A Social Accounting Matrix for Scotland

Our project uses a multi-sectoral economic model to assess the impact of COVID-19 on tourism industries and the Scottish economy. To do this the economic model is initially calibrated so that it replicates the Scottish economy before the pandemic. This is used as counterfactual for a series of scenarios representing the outbreak of COVID-19.

A useful source of information about the state of the Scottish economy pre-pandemic is the Input-Output (IO) accounts tables published each year by the Scottish Government. These report detailed economic transactions of 98 Scottish aggregated industries including key tourist-facing sectors such as accommodation, food and beverages and leisure services. For each industry, the dataset reports purchase of import, capital, wage payments, and sales to household, government and export.

For our project, we augment the latest Scottish IO accounts (published in Summer 2020) to produce a Social Accounting Matrix (SAM) for 2017. A SAM includes all the information reported in IO accounts and it adds detail about the distribution of income, both from industries to households in the form of wage and capital income (primary income distribution), and between household, government and firms (secondary income distribution), in the form of income tax, pensions and other benefit payments, and investment.

The dataset is produced following the methodology developed by Emots-Holley et al (2014) Fraser of Allander Institute. The full SAM for Scotland in 2017 can be downloaded at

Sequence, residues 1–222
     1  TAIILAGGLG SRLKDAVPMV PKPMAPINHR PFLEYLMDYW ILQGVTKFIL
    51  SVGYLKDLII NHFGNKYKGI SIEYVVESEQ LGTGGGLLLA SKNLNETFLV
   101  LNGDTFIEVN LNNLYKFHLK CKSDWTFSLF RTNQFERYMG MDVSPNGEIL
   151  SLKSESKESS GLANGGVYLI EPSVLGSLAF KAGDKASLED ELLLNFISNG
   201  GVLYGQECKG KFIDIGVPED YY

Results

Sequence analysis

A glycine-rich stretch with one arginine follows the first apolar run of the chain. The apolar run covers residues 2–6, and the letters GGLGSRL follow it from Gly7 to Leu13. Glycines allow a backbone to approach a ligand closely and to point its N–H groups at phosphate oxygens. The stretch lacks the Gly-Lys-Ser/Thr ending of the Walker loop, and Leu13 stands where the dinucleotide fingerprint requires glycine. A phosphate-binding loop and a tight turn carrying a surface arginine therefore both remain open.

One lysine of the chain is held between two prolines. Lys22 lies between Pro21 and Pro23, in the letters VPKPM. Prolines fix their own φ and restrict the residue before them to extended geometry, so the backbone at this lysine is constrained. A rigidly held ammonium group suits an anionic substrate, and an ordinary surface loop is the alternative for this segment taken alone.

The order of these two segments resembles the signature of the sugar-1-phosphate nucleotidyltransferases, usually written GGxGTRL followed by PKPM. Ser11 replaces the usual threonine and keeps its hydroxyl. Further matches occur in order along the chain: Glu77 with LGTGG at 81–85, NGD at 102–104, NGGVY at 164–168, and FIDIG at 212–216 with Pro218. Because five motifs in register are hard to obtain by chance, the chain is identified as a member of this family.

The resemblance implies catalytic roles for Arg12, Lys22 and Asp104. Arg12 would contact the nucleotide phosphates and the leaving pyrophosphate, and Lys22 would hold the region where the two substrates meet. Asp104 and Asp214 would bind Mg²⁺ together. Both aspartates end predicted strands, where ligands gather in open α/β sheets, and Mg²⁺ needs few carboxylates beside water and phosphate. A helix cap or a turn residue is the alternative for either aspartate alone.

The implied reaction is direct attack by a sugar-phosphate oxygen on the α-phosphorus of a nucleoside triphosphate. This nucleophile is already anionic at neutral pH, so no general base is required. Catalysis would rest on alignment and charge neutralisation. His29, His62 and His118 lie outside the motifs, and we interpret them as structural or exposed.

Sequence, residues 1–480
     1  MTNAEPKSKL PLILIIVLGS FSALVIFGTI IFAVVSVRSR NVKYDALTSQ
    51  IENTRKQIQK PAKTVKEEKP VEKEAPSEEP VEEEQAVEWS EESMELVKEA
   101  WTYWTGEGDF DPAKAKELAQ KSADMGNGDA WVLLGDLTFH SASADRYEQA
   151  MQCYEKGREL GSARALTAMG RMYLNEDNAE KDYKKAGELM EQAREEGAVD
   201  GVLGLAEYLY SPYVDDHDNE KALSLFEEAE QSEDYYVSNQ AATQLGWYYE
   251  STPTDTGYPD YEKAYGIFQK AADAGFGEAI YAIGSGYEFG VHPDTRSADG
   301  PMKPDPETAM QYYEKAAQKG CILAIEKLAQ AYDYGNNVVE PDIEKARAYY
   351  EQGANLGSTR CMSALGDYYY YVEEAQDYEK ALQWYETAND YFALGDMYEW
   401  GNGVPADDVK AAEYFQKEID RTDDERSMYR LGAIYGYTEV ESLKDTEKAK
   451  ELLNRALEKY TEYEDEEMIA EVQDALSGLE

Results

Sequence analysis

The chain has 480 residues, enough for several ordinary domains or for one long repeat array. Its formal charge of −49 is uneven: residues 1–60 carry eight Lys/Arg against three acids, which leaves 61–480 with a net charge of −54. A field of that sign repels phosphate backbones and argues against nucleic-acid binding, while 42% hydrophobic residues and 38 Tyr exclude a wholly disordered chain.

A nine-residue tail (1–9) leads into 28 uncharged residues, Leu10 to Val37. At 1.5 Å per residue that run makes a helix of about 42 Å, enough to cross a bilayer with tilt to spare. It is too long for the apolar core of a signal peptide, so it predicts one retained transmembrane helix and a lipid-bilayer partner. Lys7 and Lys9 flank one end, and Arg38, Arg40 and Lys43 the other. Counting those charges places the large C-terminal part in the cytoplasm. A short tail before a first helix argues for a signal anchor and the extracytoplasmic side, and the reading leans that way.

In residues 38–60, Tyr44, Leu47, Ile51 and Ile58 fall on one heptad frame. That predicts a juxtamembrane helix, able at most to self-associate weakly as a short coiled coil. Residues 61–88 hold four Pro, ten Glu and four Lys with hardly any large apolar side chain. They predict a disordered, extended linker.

To cite: Allan, G.J. Connolly, C., Figus, G. and McFarlane, J. (2021), “2017 Social Accounting Matrix for Scotland”,

The authors acknowledge funding from UKRI through the “UKRI Ideas to Address COVID-19” call (Grant reference: ES/W001195/1)


Grant Allan is a Senior Lecturer in the Department of Economics. Grant has research interests in applied regional economic analysis and modelling, particularly in the areas of energy and tourism.

Kevin is a Chancellor's Fellow in the Department of Economic with a focus on the use of regional economic models for policy analysis. Areas of interest include; energy and climate change, poverty and tourism.

Gioele is a Lecturer in the Department of Economics, University of Strathclyde.  Gioele has expertise in regional macroeconomic modelling and on the analysis of impacts of regional policies on the wider economy.  His current research focusses on the impact of energy, tourism, fiscal and trade policies. He leads the development and application of Computable General Equilibrium (CGE) models for policy analysis in the Department.